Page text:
There are promising hints already. You can click your mouse to update or configure software, including the web browser itself. You can browse or search for answers to technical questions. Soon you’ll even be able to use the Internet to show your screen to remote support personnel, so that they’ll be able to see your problem for themselves. These innovations are just the beginning.

Inexpensive PCs are coming. Its axiomatic that you’re always able to buy more personal computer for your money than you could a year earlier. But prices have not fallen as fast as they might have, because surprising growth in PC sales volumes has kept components in relatively short supply.

Simple PCs are coming, too. Microsoft recently announced an initiative, supported by many leading hardware manufacturers, to create what we call the Simply Interactive Personal Computer SIPC. It is a framework of technologies that will make the PC platform the center of entertainment, communications and productivity in both home and office.

A SIPC system will be quite easy to use. It will turn on instantly, like most other consumer appliances. It will interconnect with VCRs, stereos, and TVs. And every SIPC will run thousands of Windows applications, including web browsers and software for faxing, voice messaging, conferencing, and exchanging e-mail.

New-generation set-top boxes will allow television sets to retrieve content from the web, but there will be ample compromise. Usually there won’t be keyboards, although remote controls can function as mice. And televisions screens don’t display text well. Furthermore, nobody publishes information on the Internet for display on TV screens yet, although that will change.

Overall, however, the tradeoffs for the set-top box look pretty good, especially considering that TVs hooked to the Internet could allow people from every economic sphere to enjoy the Internet’s benefits. Keep in mind, though, that communications charges will mount up in the long run.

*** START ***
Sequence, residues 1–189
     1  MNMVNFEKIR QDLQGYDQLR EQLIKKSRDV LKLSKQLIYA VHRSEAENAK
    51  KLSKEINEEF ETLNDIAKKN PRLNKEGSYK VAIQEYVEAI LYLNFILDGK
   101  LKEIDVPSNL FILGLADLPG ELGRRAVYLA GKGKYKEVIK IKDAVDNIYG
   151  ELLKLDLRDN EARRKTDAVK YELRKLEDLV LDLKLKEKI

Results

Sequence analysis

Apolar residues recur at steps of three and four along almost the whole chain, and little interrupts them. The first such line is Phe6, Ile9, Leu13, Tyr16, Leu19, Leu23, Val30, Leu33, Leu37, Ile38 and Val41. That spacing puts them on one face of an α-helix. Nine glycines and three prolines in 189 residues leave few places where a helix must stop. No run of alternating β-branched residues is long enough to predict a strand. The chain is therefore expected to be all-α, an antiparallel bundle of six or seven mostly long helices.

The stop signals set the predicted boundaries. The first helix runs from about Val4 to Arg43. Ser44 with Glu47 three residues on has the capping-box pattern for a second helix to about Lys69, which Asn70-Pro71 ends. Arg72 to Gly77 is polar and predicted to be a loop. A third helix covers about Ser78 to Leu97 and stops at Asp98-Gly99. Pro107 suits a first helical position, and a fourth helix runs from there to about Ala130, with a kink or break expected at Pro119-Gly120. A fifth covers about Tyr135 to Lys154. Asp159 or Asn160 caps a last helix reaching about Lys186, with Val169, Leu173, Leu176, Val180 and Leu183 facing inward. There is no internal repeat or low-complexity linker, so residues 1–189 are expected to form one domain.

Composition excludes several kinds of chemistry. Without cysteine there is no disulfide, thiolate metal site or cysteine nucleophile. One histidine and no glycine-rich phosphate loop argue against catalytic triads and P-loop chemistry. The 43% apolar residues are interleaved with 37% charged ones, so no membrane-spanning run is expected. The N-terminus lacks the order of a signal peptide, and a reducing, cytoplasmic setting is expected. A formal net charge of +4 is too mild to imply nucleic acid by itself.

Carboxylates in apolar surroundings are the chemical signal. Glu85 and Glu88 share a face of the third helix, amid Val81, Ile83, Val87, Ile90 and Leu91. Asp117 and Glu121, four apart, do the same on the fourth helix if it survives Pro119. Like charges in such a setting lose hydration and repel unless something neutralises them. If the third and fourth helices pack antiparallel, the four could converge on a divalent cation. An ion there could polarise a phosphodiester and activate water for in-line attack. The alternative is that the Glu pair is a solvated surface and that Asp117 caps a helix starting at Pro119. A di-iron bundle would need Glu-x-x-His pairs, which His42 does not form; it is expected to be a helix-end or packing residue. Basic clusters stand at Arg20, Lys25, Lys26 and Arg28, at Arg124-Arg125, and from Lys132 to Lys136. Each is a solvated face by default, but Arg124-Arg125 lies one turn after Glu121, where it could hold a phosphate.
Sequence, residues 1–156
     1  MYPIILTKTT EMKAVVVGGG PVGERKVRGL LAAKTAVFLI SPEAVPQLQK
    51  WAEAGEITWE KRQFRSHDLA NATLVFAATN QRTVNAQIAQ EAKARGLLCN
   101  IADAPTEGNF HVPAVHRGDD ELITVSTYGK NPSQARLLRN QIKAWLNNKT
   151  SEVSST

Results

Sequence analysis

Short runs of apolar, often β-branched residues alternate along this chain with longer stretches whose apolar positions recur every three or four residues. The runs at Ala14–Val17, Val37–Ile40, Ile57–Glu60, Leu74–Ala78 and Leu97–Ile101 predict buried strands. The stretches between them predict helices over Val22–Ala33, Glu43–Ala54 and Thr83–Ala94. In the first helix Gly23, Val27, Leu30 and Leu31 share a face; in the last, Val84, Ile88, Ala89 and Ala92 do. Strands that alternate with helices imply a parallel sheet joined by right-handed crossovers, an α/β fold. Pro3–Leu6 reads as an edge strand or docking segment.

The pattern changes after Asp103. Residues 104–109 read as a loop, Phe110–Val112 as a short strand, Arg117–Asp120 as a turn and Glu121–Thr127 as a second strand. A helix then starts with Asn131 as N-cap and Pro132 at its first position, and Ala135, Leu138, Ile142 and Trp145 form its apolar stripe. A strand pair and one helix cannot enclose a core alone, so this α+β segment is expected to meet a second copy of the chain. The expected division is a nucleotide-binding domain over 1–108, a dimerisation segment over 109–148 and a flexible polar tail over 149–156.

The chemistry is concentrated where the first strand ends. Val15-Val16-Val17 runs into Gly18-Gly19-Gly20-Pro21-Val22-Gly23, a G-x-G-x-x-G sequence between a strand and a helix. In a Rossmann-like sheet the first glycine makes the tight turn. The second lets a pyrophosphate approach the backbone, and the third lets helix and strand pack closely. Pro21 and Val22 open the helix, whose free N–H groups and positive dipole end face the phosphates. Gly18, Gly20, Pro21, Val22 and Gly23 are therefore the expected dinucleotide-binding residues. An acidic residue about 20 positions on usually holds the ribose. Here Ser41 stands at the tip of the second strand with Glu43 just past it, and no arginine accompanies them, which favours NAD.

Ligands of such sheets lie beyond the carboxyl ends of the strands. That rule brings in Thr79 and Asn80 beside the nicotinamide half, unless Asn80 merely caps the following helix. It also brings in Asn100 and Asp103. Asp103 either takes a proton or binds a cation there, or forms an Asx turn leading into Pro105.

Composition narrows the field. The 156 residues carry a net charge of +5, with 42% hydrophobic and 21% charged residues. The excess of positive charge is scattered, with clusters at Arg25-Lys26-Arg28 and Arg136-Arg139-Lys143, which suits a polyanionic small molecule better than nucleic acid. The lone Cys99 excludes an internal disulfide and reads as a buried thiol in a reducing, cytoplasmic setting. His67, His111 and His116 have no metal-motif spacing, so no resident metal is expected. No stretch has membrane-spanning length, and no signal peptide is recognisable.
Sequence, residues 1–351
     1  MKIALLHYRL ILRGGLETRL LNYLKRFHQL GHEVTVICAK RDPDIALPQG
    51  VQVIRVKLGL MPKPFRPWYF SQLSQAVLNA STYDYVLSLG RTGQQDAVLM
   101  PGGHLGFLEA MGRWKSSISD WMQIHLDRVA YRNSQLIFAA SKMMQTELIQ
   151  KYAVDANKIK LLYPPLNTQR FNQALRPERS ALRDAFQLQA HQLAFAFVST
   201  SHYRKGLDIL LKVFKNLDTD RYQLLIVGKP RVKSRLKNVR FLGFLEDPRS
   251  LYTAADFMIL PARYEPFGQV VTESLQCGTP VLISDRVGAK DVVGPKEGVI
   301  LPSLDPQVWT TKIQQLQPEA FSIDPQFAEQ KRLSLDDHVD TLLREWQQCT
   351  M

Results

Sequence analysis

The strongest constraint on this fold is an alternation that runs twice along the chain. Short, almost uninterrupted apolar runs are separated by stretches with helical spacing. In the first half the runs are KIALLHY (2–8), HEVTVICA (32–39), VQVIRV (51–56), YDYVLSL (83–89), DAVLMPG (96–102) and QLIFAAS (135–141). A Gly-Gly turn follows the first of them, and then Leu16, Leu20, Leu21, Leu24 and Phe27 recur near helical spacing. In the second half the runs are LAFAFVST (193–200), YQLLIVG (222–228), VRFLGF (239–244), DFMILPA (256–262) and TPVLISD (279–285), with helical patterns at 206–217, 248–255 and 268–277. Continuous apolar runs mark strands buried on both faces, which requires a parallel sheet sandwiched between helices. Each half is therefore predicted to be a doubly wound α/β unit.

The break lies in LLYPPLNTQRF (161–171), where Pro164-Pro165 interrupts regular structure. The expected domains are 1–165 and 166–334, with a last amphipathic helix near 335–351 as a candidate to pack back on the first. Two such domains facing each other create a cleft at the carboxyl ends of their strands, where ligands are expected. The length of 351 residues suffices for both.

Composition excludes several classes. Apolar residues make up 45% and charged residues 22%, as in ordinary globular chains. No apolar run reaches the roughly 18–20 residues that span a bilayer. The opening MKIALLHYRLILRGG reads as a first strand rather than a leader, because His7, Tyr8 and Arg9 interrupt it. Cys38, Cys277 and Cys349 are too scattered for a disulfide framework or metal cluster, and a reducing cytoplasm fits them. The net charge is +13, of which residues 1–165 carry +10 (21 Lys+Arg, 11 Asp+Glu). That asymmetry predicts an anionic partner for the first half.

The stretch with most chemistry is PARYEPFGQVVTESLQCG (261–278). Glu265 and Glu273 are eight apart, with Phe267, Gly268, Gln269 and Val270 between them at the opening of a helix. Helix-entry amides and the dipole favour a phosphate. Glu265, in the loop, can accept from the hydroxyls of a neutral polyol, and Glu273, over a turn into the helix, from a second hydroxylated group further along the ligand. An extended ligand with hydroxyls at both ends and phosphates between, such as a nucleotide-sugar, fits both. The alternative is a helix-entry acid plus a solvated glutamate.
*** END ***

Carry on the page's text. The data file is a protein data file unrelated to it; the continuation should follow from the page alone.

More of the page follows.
Game machines and consumer-electronics devices, such as some of the forthcoming Digital Video Disk (DVD) Players, will connect to the Internet, using a slender cousin of Windows as the operating system. We’ll see an explosion of interest in multi-player games, where the contestants meet only in cyberspace.

Hardware companies will begin selling handheld personal digital assistants (PDAs) that rely on another cousin of Windows. These miniature information appliances will have LCD screens and connect wirelessly to desktop machines and networks, including two-way pager networks. Because these networks will, in turn, tie into the Internet, you’ll be able to use the PDAs to browse the web or exchange e-mail.

Over time, PDAs will evolve into what I like to call I-Wallet PC-in-one pocket-sized devices that will serve as personal communicators, maps, guide books, repositories of digital money and credit information, identification, tickets, and so forth.

It’s clear that a number of information appliances are going to become common in homes as well as in our pockets, and that these devices can’t all be expensive. Keeping costs down is a priority, but people won’t settle for underpowered tools.

The Internet era is a challenge and an opportunity for every person and for most companies. It certainly is for Microsoft. We’ve had a lot of challenges in the past 20 years, but this one happens to be great fun.